Laws in Eugnostos the Blessed

God is immortal and eternal, having no birth; for everyone who has birth will perish. – Eugnostos the Blessed, Codices III, 3 and V, 1

God is unbegotten, having no beginning; for everyone who has a beginning has an end. – Eugnostos the Blessed, Codices III, 3 and V, 1

God has no name; for whoever has a name is the creation of another; He is unnameable. He is called 'Father of the Universe.' – Eugnostos the Blessed, Codices III, 3 and V, 1

God has no human form; for whoever has human form is the creation of another. He has His own semblance – not like the semblance we have received and seen, but a strange semblance that surpasses all things and is better than the totalities. It looks to every side and sees itself from itself. – Eugnostos the Blessed, Codices III, 3 and V, 1

God is infinite; He is incomprehensible. – Eugnostos the Blessed, Codices III, 3 and V, 1

God is ever imperishable and has no likeness to anything; He is unchanging good. – Eugnostos the Blessed, Codices III, 3 and V, 1

God is unknowable, while He nonetheless knows Himself. – Eugnostos the Blessed, Codices III, 3 and V, 1

God embraces the totalities of the totalities, and nothing embraces Him. – Eugnostos the Blessed, Codices III, 3 and V, 1

God is all mind, thought and reflecting, considering, rationality and power. – Eugnostos the Blessed, Codices III, 3 and V, 1

Everything that came from the perishable will perish, since it came from the perishable. – Eugnostos the Blessed, Codices III, 3 and V, 1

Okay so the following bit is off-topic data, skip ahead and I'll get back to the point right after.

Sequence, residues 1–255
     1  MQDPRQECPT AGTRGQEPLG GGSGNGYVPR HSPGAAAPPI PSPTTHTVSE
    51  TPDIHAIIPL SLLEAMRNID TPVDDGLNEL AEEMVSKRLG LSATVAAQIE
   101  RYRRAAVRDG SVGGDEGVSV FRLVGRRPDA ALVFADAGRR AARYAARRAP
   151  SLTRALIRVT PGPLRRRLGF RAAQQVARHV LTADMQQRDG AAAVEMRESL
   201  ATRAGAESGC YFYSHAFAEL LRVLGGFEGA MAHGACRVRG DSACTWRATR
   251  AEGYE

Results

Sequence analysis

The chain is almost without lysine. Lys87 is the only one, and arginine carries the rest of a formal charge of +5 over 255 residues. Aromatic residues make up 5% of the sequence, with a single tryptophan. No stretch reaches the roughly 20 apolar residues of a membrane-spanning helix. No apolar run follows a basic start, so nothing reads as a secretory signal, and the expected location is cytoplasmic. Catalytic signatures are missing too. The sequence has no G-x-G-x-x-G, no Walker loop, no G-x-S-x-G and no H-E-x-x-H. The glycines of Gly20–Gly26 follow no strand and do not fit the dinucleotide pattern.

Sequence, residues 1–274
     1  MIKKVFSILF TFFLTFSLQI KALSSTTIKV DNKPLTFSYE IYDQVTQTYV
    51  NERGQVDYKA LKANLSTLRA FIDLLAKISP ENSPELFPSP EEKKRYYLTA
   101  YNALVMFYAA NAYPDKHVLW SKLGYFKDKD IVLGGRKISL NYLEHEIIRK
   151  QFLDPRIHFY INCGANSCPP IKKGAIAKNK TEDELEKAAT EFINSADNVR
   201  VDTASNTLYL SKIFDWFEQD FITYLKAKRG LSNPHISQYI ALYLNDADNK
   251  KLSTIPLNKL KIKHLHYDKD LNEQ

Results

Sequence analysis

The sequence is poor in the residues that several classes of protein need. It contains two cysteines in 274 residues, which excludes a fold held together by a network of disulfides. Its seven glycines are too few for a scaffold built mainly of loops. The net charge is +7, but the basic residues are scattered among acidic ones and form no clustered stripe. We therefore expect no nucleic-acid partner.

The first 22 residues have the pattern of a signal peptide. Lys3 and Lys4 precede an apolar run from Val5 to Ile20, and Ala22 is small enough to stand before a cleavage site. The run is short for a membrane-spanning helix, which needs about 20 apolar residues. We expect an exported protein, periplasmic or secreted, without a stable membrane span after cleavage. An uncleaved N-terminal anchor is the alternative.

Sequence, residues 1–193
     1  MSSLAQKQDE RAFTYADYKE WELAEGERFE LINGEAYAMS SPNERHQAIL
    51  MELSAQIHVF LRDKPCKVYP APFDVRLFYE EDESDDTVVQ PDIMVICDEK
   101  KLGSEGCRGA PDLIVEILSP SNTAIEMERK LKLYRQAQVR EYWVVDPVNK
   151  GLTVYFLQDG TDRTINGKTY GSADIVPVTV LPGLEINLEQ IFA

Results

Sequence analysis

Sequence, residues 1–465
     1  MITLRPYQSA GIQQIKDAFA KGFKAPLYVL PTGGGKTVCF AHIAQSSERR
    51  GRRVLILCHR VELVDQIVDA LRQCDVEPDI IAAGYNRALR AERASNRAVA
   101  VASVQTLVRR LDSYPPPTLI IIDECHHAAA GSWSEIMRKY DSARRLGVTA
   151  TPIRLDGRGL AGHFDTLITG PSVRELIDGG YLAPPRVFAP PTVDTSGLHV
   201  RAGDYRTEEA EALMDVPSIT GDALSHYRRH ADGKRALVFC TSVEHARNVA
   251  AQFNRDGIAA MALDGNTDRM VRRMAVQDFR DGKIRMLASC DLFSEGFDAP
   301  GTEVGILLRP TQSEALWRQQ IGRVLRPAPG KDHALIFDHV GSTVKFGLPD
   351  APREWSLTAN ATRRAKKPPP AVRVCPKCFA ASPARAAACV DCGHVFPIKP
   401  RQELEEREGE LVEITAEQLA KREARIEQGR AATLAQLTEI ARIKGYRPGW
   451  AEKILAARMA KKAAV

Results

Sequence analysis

Whatever came from imperishableness will not perish but will become imperishable, since it came from imperishableness. – Eugnostos the Blessed, Codices III, 3 and V, 1

The Unknowable is ever full of imperishableness and ineffable joy. – Eugnostos the Blessed, Codices III, 3 and V, 1

All natures from the Immortal One, from Unbegotten to the revelation of chaos, are in the Light that shines without shadow and in ineffable joy and unutterable jubilation. – Eugnostos the Blessed, Codices III, 3 and V, 1

Eugnostos the Blessed was translated combining Nag Hammadi Codices III, 3 and V, 1. The Sophia of Jesus the Christ, which is a later version of the same document, appears in Codex III, 4 and BG 8502, 3. The Nag Hammadi Codices, a set of fifty-two religious and philosophical texts, are so named because a peasant found them near Nag Hammadi, Egypt. Unfortunately, his family burned an unknown number of them as fuel before discovering they were valuable. They languished in the Coptic Museum at Cairo for years until a scholar came searching. See the full history at:
www.nag-hammadi.com/

Estimated dates for Eugnostos the Blessed are within the first century A.D. We have used the Douglas M. Parrott translation for this list.

References

Parrott, Douglas M., Trans. "Eugnostos the Blessed and The Sophia of Jesus Christ." The Nag Hammadi Library. Ed. James M. Robinson. San Francisco, Harper & Row, 1981. 206-228.

Peter Kirby has formulated an impressive collection of early Christian documents and links available at: www.earlychristianwritings.com

The text of Eugnostos the Blessed is available online at: www.gnosis.org/...


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